From what I have read in blogs, some people tried it on older MBP's. You need to make sure that Boot Camp is not enabled (if it is, it will do a BIOS boot for anything other than Mac OS X). Once that is set, hold down Option key when booting, along with Macintosh HD it is supposed to show you 2 additional options: Windows and Windows EFI boot. The ones who tried it on older MBP's said that it started booting but froze somewhere through the process, probably due to the fact that EFI is older version (1.x). So my guess is that if UEFI is there, boot will go through and you should get to the part where Windows setup asks you what partition/drive you want to install Windows on.

    Since no one has responded, I am seriously contemplating going to one of Apple stores and testing this theory (of course, this will get me kicked out if they catch me). I'm not planning to format the store machines with Windows though, if I get to drive selection screen, I will just cancel out, reboot it back to OS X and might just buy it.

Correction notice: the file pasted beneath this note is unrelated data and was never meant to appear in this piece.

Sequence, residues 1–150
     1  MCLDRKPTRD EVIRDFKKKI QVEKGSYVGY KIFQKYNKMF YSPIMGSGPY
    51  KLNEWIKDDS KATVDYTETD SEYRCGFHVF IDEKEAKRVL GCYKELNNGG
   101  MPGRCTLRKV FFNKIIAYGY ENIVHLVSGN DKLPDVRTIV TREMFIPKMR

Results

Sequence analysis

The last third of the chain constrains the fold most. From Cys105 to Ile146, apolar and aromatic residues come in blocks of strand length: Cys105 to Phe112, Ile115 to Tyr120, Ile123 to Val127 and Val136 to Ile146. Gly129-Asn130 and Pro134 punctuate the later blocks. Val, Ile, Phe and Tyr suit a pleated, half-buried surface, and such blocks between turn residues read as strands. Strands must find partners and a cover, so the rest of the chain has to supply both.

• Side_Step_Society Level 2 Level 2
    I'd also like to know if it's using UEFI. Would love to see Windows booting as fast as OS X, even though it's still pretty quick right now.
  • jbowcott Level 1 Level 1
    You are absolutely correct.

    Im sure if you ask nicely at the store (and hint that you may be buying) they wouldn't mind you trying the Windows disc. Just make sure if it does work you definitely cancel :P

    As you said, currently on all other Macs (including mine) doing the EFI boot on Windows 7 64-bit will freeze at the 'Loading files' stage (i.e. before the Windows logo). If it gets past that, then its definitely got EFI 2.0+, or the EFI has been updated with features required by Windows.